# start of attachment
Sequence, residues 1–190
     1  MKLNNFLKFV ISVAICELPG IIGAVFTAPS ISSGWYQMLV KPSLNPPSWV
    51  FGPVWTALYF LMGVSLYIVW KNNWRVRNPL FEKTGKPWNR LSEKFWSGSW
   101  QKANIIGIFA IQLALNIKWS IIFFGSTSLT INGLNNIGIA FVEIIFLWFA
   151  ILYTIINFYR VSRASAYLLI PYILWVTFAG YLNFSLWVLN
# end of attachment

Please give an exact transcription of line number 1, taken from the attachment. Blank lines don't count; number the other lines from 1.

Sequence, residues 1–190